Affleck's Revenge Complete – "Argo" Takes Best Picture

It’s hard to believe that it’s been 15 years since a baby faced Ben Affleck, his voice cracking, accepted the Best Original Screenplay Oscar with Matt Damon for “Good Will Hunting.” Since then, Affleck’s career has had more ups and downs and twists and turns then all the rides at Disney World combined. And when he wasn’t nominated for his outstanding work of directing “Argo” (ironically he went on to win almost every other prestigious directing award, including the BAFTA and the DGA) he became an underdog again. Affleck and company climbed back atop the Oscar mountain last night when “Argo,” which Affleck also produced with Grant Heslov and George Clooney, took home the Best Picture trophy at the 85th Annual Academy Awards. Though it seemed to some that “Lincoln” was the favorite, I knew a month ago that the backlash in Hollywood over Affleck not getting the director nomination would help the film cross the finish line first. Remember: actors make up the largest branch of the Academy, which means they have the most votes. And every actor secretly wants to direct. So when one of their own was denied the wagons were circled.

The night saw a few certainties as well as a few surprises. I wonder how many people’s Oscar pool was blown when Christoph Waltz was named Best Supporting Actor for his role in “Django Unchained.” It was Waltz’s second Oscar in three years, having previously won for “Inglorious Basterds.” Like he did then, Waltz thanked the films writer/director Quentin Tarantino, even finishing his speeck with a few lines from the script.

“Brave” was the surprise winner of the Oscar for Best Animated Feature, with the award going to co-directors Mark Andrews and Brenda Chapman. The moment had to feel special for Chapman, who was removed from the film during production. The first “I knew it” award of the evening went to Anne Hathaway who won the award as Best Supporting Actress for “Les Miserables.”

Speaking of “Les Miz,” several members of the cast took to the stage to belt out a medley of hits from the show, resulting in one of the nights prolonged standing ovations. Another was reserved for Dame Shirley Bassey, who showed she still has the pipes as she belted out the theme to “Goldfinger.” Her performance was the highlight of a very tepid salute to the 50th Anniversary of James Bond. The prevailing rumor was that all six actors who portrayed Bond on screen (Sean Connery, George Lazenby, Roger Moore, Timothy Dalton, Pierce Brosnan and Daniel Craig) would appear but alas it didn’t happen. Still, they could have done a lot more then just show a few clips. However, Adele killed when she sang her theme song from the latest Bond epic, “Skyfall.” Later in the show she and co-writer Paul Epworth deservedly won the award for Best Original Song.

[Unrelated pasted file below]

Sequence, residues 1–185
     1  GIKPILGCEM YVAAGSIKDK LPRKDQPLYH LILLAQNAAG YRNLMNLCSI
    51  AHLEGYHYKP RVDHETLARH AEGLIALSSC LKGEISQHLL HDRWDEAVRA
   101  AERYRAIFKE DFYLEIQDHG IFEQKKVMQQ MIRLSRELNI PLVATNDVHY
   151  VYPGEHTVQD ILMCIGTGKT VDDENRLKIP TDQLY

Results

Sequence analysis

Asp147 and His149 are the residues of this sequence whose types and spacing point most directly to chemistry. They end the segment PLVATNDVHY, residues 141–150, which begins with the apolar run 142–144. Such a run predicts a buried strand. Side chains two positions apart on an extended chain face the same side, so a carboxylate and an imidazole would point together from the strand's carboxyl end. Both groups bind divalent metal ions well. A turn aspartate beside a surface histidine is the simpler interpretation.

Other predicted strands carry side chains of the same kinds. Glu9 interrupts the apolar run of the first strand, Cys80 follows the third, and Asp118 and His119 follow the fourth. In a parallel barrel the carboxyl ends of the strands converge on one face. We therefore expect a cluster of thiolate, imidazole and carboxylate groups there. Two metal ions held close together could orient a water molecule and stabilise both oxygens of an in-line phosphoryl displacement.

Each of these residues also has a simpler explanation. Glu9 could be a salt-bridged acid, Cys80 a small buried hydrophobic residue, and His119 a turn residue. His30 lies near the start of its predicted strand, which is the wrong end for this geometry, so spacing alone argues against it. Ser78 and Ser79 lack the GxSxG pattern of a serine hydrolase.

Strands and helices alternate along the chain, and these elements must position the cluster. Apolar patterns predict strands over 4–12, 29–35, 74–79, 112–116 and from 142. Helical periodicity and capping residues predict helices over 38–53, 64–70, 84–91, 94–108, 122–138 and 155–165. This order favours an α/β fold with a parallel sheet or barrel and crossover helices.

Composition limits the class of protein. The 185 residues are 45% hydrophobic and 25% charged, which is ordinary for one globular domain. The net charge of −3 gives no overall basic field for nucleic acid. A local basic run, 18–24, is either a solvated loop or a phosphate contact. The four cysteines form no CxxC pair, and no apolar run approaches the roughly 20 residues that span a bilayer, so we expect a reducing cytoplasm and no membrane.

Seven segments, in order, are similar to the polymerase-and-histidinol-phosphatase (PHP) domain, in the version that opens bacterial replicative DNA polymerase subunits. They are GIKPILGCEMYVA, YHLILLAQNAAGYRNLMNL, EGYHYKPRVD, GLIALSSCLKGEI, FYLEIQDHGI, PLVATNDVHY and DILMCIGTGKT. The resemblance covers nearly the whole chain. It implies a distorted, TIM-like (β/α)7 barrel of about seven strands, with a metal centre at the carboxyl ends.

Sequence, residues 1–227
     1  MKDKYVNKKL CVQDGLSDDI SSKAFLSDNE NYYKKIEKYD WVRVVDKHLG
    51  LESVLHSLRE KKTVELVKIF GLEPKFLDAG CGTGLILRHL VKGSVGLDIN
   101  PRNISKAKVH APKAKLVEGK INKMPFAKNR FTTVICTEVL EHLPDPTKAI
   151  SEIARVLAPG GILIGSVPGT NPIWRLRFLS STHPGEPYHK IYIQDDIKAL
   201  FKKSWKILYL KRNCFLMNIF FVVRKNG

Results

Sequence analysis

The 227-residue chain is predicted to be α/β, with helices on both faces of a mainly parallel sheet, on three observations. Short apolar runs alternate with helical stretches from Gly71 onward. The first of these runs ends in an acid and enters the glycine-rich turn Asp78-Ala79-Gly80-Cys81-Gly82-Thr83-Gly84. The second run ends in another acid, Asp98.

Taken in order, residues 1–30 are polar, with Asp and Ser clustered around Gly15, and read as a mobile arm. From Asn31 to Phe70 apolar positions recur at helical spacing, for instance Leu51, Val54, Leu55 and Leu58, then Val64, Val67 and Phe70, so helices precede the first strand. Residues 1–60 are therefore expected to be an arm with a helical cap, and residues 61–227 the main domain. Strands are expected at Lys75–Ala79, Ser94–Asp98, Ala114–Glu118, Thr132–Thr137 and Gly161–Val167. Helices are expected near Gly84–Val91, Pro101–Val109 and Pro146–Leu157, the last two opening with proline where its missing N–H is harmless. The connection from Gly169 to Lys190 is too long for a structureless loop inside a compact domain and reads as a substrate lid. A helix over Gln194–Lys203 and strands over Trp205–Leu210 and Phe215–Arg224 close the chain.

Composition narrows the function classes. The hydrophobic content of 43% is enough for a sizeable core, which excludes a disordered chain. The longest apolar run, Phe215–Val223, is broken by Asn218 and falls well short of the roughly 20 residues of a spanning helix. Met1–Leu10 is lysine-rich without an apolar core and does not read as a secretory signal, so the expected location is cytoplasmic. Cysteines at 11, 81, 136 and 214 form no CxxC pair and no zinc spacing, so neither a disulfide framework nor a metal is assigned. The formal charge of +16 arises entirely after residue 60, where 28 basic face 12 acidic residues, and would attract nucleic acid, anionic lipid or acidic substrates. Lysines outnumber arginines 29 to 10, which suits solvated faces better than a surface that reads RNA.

Another musical moment occurred when, during the annual “In Memoriam” segment, Barbra Streisand came out to sing the Oscar winning song “The Way We Were” after talking about the man who helped write it, Marvin Hamlisch, who passed away last year. Of course there are always omissions in this segment but two of the biggest I noticed were Larry Hagman and Andy Griffith. I was glad to see that a film critic (the great Andrew Sarris) was included in the montage. Hope for me to one day appear on the Oscar telecast. A tearful Chris Terio thanked Ben Affleck while accepting his Best Adapted Screenplay award for “Argo.” He pointed out that it had been 15 years since Affleck had won his award and thanked him for giving him the same chance he had gotten. Tarantino won his second Original Screenplay Oscar (he also won for “Pulp Fiction”) for “Django Unchained.” In typical QT style he made sure to pay homage to his fellow nominees and declare 2012 the “Year of the Writer!”

The night also saw only the sixth tie in Academy history when Paul Ottison (“Zero Dark Thirty”) and Per Holberg and Karen Baker Landers (“Skyfall”) tied in the Best Sound Editing category. I felt bad for first announced winner Ottison because when he asked presenter Mark Wahlberg for the envelope he refused, presumably because he needed to read the names of the other winners. He did give the envelope to Landers but hopefully the Academy will make up another one for Ottison. “Life of Pi” snagged many of the technical awards it was nominated for and took him a major prize when Ang Lee was named Best Director.

Best Actress went to Jennifer Lawrence for “Silver Linings Playbook” (she also won the Independent Spirit Award in the same category the night before). Best Actor was pretty much a given as Daniel Day-Lewis became the first actor to receive (3) Oscars as Best Actor. Of course, in my opinion, this should have been his fourth – his performance in “Gangs of New York” is amazing. Day-Lewis gave one of the evening’s more moving speeches, thanking his co-nominees as well as his wife. It is well known that when he takes a role Day-Lewis pretty much inhabits that character 24 hours a day. He thanked his wife Rebecca who, after 16 years of marriage, has “lived with some very strange men.”

That brought us to the final award of the evening and a surprise presenter when Jack Nicholson turned the “and the Oscar goes to” line over to First Lady Michelle Obama, who made the announcement, proclaiming “Argo’ the years Best Picture.